In the evening a fireworks display that was to be launched from a boat in the lake caught fire and the spectators were treated to a spectacle that can only be imagined.  The pyrotechnician escaped with his life by jumping into the lake as the show commenced to blow up, burn, and sink, much to the merriment of the crowd.  

The 4th of July in 1893 came on a Tuesday and wasn't the seemingly dull event that it is now, like sparklers and lady fingers.  There were some spectacular fireworks.  Young boys threw small bombs and the big boys carried pistols to shoot in the air to celebrate the nation's birthday.  It wasn't a one-day affair, either.  It usually began the weekend before and lasted until the 4th.  This year the place to go was Fairmount Park.  The crowd was believed to have been 25,000 to 30,000 people.  The Air Line was "feathered out," a term meaning the cars were not only full, but they had people hanging off the sides.  Many people at the 2nd & Wyandotte Street depot gave up after a few hours in frustration and never made it to the park.  The big attraction of the day was the Crystal Maze.  Somehow it was possible for a person to sit in a small room and be seen without being found, because a very pretty girl was seen eating ice cream, but was never found.  The park that day had 50 ice cream stands and 6 soda stands going and was very busy.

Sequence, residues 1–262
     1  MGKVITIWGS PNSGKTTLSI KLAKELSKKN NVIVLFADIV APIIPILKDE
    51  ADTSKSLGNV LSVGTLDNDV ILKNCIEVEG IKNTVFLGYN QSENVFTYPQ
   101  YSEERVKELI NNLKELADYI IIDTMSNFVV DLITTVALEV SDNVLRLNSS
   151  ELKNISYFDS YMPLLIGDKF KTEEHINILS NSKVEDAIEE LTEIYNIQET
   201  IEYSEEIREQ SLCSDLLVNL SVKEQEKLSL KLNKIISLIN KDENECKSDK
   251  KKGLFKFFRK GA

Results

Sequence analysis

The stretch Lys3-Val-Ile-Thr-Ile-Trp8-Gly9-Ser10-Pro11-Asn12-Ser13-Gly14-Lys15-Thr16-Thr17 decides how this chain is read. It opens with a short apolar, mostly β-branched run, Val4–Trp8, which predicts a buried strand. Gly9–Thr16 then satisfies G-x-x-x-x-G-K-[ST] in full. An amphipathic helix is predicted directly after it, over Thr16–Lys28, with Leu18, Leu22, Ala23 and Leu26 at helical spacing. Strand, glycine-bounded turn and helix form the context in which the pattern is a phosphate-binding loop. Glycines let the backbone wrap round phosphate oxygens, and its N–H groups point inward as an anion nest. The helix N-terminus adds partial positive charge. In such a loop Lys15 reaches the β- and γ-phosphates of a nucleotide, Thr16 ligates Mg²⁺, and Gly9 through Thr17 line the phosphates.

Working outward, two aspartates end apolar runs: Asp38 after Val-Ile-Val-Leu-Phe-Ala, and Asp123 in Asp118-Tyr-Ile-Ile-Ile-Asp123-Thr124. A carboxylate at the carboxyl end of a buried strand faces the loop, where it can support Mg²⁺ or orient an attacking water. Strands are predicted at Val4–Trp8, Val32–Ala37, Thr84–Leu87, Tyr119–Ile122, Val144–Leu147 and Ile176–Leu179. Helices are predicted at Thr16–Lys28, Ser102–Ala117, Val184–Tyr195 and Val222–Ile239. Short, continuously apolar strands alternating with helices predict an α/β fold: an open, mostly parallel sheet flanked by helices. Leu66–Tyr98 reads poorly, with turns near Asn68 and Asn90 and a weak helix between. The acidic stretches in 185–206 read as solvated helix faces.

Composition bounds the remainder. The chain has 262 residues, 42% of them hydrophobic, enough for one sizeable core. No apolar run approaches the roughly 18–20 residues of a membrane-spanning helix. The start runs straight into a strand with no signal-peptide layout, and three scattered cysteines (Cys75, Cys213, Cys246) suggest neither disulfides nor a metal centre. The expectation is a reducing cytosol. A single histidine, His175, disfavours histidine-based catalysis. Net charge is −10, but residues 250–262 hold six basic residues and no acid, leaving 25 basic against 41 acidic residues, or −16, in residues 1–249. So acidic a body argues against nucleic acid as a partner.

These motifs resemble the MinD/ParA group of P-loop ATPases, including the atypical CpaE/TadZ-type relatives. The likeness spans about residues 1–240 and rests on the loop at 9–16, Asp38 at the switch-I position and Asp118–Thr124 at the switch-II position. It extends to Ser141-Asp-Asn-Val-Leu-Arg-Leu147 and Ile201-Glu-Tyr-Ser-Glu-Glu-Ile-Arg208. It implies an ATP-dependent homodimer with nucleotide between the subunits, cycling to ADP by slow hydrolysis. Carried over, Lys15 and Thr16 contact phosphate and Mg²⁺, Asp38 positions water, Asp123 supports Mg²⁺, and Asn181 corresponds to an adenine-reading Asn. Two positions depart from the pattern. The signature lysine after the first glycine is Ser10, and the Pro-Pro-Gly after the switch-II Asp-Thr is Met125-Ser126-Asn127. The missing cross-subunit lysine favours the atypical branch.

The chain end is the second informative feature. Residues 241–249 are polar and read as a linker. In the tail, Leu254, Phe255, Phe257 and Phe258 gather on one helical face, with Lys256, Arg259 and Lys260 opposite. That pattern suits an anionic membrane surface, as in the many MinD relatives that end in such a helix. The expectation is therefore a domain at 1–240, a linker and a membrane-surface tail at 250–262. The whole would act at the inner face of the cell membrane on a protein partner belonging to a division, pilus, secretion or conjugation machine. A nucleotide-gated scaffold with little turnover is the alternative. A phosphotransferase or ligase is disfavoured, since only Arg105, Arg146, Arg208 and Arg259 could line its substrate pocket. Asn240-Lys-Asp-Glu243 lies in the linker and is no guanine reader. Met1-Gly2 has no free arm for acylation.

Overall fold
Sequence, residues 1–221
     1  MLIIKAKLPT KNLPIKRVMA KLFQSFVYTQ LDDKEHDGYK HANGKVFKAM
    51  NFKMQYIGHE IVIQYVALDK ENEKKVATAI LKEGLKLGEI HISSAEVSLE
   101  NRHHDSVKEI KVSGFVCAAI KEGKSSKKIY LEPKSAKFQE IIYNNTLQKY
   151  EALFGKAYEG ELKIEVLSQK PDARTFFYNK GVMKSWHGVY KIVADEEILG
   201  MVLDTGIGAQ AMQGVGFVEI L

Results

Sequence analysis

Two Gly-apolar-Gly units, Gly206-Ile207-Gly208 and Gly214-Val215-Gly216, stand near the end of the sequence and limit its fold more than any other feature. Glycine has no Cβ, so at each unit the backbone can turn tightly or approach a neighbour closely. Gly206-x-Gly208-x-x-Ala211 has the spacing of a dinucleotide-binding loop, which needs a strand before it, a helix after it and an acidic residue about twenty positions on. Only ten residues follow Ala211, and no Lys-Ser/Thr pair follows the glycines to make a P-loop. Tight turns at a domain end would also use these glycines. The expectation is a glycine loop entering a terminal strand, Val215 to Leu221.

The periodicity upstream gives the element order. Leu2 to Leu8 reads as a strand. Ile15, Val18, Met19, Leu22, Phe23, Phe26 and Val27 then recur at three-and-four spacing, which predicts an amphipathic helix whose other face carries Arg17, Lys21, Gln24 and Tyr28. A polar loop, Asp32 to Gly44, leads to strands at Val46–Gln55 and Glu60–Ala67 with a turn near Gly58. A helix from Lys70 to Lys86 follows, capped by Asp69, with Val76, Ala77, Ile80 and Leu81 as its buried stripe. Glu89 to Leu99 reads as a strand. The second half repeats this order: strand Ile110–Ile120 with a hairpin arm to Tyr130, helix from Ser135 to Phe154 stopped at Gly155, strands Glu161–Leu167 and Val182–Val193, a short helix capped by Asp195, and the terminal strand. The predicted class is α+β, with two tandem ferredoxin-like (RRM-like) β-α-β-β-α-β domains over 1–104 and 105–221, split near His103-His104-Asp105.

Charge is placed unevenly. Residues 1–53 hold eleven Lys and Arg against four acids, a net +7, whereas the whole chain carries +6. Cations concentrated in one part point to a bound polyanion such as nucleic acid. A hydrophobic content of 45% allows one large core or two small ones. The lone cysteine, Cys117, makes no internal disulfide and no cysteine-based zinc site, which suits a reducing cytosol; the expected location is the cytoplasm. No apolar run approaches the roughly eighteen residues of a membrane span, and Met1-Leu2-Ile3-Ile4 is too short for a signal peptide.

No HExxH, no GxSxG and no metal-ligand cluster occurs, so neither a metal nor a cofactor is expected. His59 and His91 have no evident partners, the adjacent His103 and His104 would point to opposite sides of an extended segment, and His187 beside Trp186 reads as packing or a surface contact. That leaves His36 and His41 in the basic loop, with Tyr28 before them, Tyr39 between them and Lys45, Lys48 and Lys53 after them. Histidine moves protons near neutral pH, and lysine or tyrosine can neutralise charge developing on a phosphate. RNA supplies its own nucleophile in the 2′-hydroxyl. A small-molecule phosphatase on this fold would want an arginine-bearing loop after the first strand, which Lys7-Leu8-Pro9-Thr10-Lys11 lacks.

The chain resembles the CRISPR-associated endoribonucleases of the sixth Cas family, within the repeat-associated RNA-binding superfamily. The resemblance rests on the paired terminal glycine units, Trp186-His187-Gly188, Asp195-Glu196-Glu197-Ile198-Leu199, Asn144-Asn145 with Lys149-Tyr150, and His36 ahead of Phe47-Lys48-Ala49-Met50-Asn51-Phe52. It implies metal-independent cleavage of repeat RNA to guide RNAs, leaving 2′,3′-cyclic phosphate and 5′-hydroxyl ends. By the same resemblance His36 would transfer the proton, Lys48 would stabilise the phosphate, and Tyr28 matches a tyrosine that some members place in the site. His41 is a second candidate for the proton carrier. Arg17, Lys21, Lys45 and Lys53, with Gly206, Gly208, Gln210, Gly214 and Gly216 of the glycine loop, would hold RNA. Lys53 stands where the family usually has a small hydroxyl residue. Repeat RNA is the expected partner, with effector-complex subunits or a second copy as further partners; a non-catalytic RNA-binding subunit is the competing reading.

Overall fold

A baseball game took place on the new athletic field.  A high dive by Professor Leuvenmark and a fireworks display capped off the evening.

Towards the end of the season, much fun with bicycles came to the park.  One attraction was a one-legged man by the name of Kilpatrick, whose claim to fame was that he had ridden his wheel down the steps of the White House in Washington, D.C.  Not the east steps that were only 40 feet long, but the west steps that were 100 feet long and at an angle of 45 degrees.  Each step had an 8 inch drop and there were 82 of them.  Now he traveled the country duplicating the feat. 

At Fairmount Park the steps built for him were 110 feet long and 50 feet high.  There were no side rails and they were only 5 feet wide (sounds very dangerous!).  He started out a little rough but settled the bike down halfway to the bottom.  His wheel finished the bottom half as if moving over glass, his one foot on the peddle, with no brakes.  When reaching the bottom he continued to travel across the field for several hundred feet; this done twice a day thru the weekend.

A bicycle tournament was held there the 1st of September and featured champion cyclist Arthur A. Zimmerman.

 

Copyright 2005 - 2008 John M. Olinskey